After banner year, chip sales seen slack for 2001

(REUTERS) -- Semiconductor sales rose 31 percent to a record $222.1 billion in 2000, but that pace will slacken in 2001 due mostly to weaker U.S. demand, technology consulting group Gartner Group's Dataquest Inc. said.

The dampened outlook for semiconductor chips already has taken its toll on fourth quarter sales outlooks and stock prices, but the Gartner report on the worldwide semiconductor market released on Tuesday said some of the reduced sales were merely due to inventory adjustments.

"Historically, the industry has gone through inventory corrections during the positive portion of the industry cycle, and we see no reason to believe that this current weakening is anything else other than an inventory correction," said Joe D'Elia, vice president and director of Gartner Dataquest's European semiconductor research.

Semiconductor sales in 2000 grew to $222.08 billion, a 31 percent rise from 1999. For 2001, the report estimated growth would slow to the low 20 percent range.

"Essentially we believe we are still looking for a pretty strong year in 2001," D'Elia told Reuters.

"You need to look at the semiconductor worldwide consumption. The U.S. now has the weakest demand, mainly because that's where we had the biggest buildup in the fourth quarter. But Japan is going gangbusters with one of its highest consumption levels in years. Demand in Europe and Asia Pacific is still pretty strong," D'Elia said.


The report also tracked the performance of top semiconductor makers. D'Elia noted that companies with the strongest estimated growth rates included Toshiba Corp., STMicroelectronics and Hyundai Electronics Industries Co. Ltd.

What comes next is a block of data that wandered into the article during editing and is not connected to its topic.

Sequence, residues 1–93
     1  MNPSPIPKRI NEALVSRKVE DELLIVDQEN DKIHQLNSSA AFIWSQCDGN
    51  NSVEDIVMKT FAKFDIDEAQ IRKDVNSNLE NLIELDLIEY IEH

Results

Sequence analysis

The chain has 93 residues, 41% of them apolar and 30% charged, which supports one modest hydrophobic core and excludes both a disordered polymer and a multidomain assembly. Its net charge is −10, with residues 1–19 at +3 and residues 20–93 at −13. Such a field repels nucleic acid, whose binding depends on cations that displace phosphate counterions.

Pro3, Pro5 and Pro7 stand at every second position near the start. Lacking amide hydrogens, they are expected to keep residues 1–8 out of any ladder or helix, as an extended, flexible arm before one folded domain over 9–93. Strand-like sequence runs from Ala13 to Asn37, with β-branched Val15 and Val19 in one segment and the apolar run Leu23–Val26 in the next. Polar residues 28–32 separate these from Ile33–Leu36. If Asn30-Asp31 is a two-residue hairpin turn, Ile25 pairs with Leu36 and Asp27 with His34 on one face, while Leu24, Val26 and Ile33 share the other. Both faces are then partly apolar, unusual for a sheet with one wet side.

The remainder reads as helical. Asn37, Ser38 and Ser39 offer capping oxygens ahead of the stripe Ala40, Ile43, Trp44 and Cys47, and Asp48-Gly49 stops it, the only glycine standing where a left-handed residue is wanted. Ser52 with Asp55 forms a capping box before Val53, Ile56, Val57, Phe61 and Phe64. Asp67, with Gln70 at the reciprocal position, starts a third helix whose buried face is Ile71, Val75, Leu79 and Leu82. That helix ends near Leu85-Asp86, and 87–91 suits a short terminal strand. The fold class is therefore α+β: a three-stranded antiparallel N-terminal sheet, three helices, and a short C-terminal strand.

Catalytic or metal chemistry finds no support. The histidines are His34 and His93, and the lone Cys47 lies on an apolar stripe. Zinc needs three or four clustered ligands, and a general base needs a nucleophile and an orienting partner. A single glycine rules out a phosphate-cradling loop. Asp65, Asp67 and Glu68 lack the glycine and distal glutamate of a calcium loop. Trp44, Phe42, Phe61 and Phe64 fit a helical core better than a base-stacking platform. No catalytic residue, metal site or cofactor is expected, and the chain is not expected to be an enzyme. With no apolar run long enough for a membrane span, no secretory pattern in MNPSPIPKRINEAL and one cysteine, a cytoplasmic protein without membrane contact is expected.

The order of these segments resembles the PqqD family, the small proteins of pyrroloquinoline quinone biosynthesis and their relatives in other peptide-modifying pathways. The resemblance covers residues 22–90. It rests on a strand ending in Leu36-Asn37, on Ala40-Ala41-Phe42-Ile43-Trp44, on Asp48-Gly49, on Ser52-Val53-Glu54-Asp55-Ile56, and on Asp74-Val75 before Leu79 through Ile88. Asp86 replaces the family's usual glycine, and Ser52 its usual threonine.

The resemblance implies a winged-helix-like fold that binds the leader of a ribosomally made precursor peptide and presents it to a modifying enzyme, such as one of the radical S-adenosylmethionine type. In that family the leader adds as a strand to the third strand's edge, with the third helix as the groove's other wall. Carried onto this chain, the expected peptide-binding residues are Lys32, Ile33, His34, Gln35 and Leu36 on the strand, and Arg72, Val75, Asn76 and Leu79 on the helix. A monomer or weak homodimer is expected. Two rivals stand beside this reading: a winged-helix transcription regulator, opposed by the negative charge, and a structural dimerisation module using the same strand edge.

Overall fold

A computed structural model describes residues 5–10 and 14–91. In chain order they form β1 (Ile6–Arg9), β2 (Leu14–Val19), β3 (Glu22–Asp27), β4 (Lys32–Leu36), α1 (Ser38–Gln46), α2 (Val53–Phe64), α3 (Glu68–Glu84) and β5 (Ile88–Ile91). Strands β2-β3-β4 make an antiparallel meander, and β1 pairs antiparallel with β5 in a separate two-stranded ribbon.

"There was no one strategy that seems to have paid off. The folks with good growth seemed to go about it in different ways," D'Elia said.

Although Intel Corp. remained the market leader by far, with revenues estimated to be triple that of its closest competitors, its growth rate was the smallest, just 11 percent.

"Intel historically loses market share when the industry is growing. It's a phenomenon because their revenues are so tied to one product -- their microprocessors depend on PC (personal computer) growth," D'Elia said.

In contrast, Toshiba moved up to be the world's second largest semiconductor maker from third on the list, with estimated revenue growth of 47.2 percent in 2000. STMicroelectronics gained market share with growth seen at 56.5 percent in 2000.

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This story, "After banner year, chip sales seen slack for 2001" was originally published by InfoWorld.

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